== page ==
Two Papers Presented at the ACS Conference Proposes New Techniques for Forensic Investigations

October 13, 2021

Dr. Mayssa Hachem, Assistant Professor of Chemistry at Khalifa University, presented two papers at the American Chemical Society (ACS) Fall 2021 Conference that was held in Atlanta, Georgia (USA) from 22-26 August 2021. The conference was a hybrid event that was conducted virtually and in person. 


Dr. Hachem’s first presentation at the ACS was at the Division of Environmental Chemistry where she discussed her paper titled “Systematic Chemical Approaches for Soil Analysis in Forensic Investigation.” The paper highlighted the importance of soil as a valuable evidence during forensic investigations. Soils may be able to link an individual to a crime scene as soil transferred in mud sticking to footwear, tires, soil marks on vehicles, or traces left on clothes can correlate the presence or absence of this person on a particular scene of the crime. The soil has extreme complexity not only in components but also in its physical nature such as sediment, color, and structure. Dr. Hachem studied various physico-chemical properties of different types of soils in the UAE and found high variability in results among the tested samples. These results could refer to a unique fingerprinting for each soil type, which are vital findings for forensic soil investigations in a crime scene.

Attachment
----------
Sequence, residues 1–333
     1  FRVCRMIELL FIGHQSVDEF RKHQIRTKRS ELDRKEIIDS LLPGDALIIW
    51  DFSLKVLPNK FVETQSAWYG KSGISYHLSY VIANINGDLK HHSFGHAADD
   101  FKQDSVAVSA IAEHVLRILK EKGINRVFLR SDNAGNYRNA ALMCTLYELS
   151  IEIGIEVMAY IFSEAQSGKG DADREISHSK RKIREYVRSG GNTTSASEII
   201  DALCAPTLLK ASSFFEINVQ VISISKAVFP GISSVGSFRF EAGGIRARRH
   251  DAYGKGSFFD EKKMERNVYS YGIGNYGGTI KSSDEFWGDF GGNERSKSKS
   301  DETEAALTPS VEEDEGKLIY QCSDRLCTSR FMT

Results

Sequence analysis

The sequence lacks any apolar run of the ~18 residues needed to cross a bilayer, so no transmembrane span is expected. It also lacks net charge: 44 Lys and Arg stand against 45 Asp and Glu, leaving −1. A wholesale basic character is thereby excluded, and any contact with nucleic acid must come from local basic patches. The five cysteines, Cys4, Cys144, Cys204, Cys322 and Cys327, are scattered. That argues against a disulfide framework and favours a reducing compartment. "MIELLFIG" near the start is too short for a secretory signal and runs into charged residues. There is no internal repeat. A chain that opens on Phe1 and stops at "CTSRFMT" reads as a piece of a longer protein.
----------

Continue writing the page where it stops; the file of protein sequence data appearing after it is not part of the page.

Dr. Mayssa Hachem
Dr. Mayssa Hachem

She then presented her second paper, “Prediction of Postmortem Interval (PMI) through Chemical Analysis of Blood Biomarkers in Forensic Examination: A Concept” at the Division of Biochemical Technology session. In the paper, Dr. Hachem outlines a concept of a device that can be used in the prediction of postmortem interval (PMI), or time since death, in forensic investigations. For years, the prediction of PMI has been one of the most challenging variables to quantify and establish for forensic examiners despite numerous developments in this area.


Dr. Hachem proposed a device that provides the chemical profiles of different metabolites in blood including protein biomarkers such as Lactate dehydrogenase (LDH) and Aspartate Aminotransferase (AST). LDH is an enzyme typically restricted to the cytoplasm of cells and released only after cell death, while AST is an enzyme that converts aspartic acid to glutamate. Blood concentration of these enzymes normally increases in the first three days after death. In addition to protein biomarkers, Dr. Hachem also suggested the dosage of some lipid biomarkers such as triglycerides and cholesterol levels showed a postmortem decrease in the triglyceride and cholesterol concentration in blood in vitro over time. 


Dr. Hachem suggested that the device not only measure metabolites but also measures the pH level in the blood. Normal pH blood level is controlled within the normal range of 7.35 to 7.45. Alkaline pH more than 7.45 and acidic pH less than 7 can lead to death. After death, the pH of blood changes from 7 to 5.5, twenty hours postmortem. The accumulation of acidic metabolites, especially lactic acid, lowers the blood pH.


When a murder victim is found at a crime scene, the proposed device can analyze blood using Artificial Intelligence to determine the dosage of the mentioned metabolites and PMI estimation.


The ACS is one of the world’s largest scientific organizations with more than 155,000 members in 150 countries. Founded in 1876 and chartered by the US Congress, the organization aims to improve people’s lives through the advancement and promotion of the uses and benefits of chemistry. 


Ara Maj Cruz
Creative Writer
13 October 2021